A couple of years ago, the venerable Bob James, then 93, was attacked by a burglar who invaded his home, pinned him to the floor, held a knife to his throat, and demanded money. As James, who was the mildest of men, told it shortly thereafter, "All I kept thinking was, How do I get out of this?"
This was characteristic of Bob James, who -- both ironically and appropriately -- was the founder of CrimeStoppers, an organization which has done much to take the edge off crime locally. Through the grace of God and his own pluck, James did get out of that tight spot, though he would shortly need emergency surgery to implant several stints in his weakened cardiovascular system. He then resumed his duties in the world, which included liaison work on behalf of MIFA. One of his duties was to recruit speakers to address groups of senior citizens served by the organization. To be called on to do so by the courtly James was an honor in itself.
It was clear in recent years that James was in fragile health, though he kept on showing up on MIFA's behalf and at major social and political functions. As former Tennessee governor Winfield Dunn remembered out loud at last year's Master Meal, an annual gathering of the GOP faithful, "that wonderful Bob James" had virtually founded the modern Republican Party in Shelby County and was certainly its first real standard-bearer, making serious races for Congress in the early 1960s.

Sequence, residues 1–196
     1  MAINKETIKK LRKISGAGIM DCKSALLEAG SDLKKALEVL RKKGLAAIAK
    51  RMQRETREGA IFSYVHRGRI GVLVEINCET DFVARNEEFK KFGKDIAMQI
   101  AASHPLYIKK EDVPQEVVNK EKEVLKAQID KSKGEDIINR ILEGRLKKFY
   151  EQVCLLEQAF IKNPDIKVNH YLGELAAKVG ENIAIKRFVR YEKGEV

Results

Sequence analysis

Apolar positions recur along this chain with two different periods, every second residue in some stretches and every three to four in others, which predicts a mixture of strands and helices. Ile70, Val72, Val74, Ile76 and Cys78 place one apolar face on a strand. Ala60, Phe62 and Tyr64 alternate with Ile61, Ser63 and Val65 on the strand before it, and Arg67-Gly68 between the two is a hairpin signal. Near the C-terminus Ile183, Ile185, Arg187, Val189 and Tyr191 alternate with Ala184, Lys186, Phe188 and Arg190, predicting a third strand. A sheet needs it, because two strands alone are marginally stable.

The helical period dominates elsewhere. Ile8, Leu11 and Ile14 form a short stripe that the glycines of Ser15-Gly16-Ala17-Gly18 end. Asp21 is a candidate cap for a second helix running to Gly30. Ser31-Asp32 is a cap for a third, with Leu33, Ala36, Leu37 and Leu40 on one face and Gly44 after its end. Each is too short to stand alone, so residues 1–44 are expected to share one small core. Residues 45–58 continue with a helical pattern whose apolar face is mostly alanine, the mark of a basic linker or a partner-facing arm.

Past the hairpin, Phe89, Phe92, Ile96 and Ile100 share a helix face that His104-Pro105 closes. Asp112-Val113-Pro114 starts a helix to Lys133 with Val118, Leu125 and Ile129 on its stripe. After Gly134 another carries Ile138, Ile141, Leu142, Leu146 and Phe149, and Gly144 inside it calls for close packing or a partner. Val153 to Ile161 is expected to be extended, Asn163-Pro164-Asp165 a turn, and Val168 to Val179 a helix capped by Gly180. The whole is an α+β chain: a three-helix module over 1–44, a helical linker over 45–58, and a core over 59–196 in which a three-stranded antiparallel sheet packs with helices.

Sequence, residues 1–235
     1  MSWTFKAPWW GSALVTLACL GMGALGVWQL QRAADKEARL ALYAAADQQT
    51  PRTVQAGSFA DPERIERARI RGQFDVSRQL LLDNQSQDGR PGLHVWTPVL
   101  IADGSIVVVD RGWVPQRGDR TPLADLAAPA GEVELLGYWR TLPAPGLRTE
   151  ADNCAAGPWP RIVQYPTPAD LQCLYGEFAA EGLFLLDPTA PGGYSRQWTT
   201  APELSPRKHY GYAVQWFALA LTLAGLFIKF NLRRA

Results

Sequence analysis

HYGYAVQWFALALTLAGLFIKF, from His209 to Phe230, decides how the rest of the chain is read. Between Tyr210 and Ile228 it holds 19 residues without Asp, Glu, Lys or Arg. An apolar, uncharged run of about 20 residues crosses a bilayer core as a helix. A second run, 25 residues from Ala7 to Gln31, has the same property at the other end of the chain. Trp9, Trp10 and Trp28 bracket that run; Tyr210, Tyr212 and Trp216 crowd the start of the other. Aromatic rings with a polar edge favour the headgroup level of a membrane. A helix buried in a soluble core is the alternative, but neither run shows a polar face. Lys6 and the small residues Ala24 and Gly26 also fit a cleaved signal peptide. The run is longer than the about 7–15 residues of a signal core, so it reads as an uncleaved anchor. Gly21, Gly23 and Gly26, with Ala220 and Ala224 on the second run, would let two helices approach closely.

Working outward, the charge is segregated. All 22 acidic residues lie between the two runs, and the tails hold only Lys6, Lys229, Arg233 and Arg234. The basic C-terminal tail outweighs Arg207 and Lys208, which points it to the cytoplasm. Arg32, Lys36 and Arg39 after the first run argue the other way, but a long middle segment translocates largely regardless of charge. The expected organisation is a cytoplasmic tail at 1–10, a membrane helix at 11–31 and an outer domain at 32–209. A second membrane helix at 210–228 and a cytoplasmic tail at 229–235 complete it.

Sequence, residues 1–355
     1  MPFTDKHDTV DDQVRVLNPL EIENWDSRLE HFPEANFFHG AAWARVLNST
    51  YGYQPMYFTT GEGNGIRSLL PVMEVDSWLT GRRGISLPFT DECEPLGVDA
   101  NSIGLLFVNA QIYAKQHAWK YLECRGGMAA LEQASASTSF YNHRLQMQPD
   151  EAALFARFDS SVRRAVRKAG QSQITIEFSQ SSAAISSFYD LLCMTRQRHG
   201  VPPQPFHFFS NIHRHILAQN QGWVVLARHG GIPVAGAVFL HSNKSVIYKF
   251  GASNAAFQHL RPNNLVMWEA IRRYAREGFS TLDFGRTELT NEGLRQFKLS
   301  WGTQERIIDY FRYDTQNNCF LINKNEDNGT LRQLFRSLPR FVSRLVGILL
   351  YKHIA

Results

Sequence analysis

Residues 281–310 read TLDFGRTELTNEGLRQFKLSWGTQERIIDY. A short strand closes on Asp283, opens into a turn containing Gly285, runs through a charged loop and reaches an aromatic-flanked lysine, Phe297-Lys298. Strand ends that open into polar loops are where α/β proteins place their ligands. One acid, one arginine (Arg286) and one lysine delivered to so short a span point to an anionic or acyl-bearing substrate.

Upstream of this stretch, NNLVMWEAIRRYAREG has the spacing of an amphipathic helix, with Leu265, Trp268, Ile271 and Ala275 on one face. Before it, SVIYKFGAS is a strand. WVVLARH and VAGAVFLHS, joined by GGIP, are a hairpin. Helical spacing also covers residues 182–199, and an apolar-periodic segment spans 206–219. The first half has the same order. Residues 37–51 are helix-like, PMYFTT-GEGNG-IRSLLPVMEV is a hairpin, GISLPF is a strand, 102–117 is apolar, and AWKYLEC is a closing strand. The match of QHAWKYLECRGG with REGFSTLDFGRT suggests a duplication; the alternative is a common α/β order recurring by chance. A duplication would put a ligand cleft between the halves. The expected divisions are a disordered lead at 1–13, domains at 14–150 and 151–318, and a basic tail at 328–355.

Late in that decade, he was elected to the newly constituted Memphis City Council, where he served for some years as a generally progressive and moderating influence. Neither of those adjectives is gratuitous. James' political views were never hardline or even, given his pivotal role in local Republican affairs, especially partisan. In the last several years, he had taken to brooding about what he saw as the growing influence in party circles of those who insisted on socially conservative litmus tests.
In his last years, James did not feel bound by party lines at all -- endorsing both Republican and Democratic candidates for office -- and this caused him some difficulty in GOP ranks. Late last year, there was a move in the party hierarchy to eliminate the Bob James Award, given annually at the Republicans' Lincoln Day dinner for public service. The reason? James had campaigned on behalf of successful City Council candidate Carol Chumney, a Democrat.
Something of an uproar greeted the decision to cancel the award. It was quickly reversed, and, when Lincoln Day came around in February, the Bob James Award was given out as always. At 95, James was on hand to see it done.
Bob James, ever keen of mind and generous of spirit even as his body began to fail, passed away last week. Not even he could go on forever, but, both politically and personally, he gave it a good run.
One of the primary debating points that emerged during the 2012 presidential campaign was that of "takers versus makers." GOP candidate Mitt Romney hammered the point repeatedly to the electorate — that most of those who were backing President Obama in his reelection were takers, living off the efforts of the makers: the noble, hard-working Americans seeking only the freedom to earn a living and provide jobs for all ...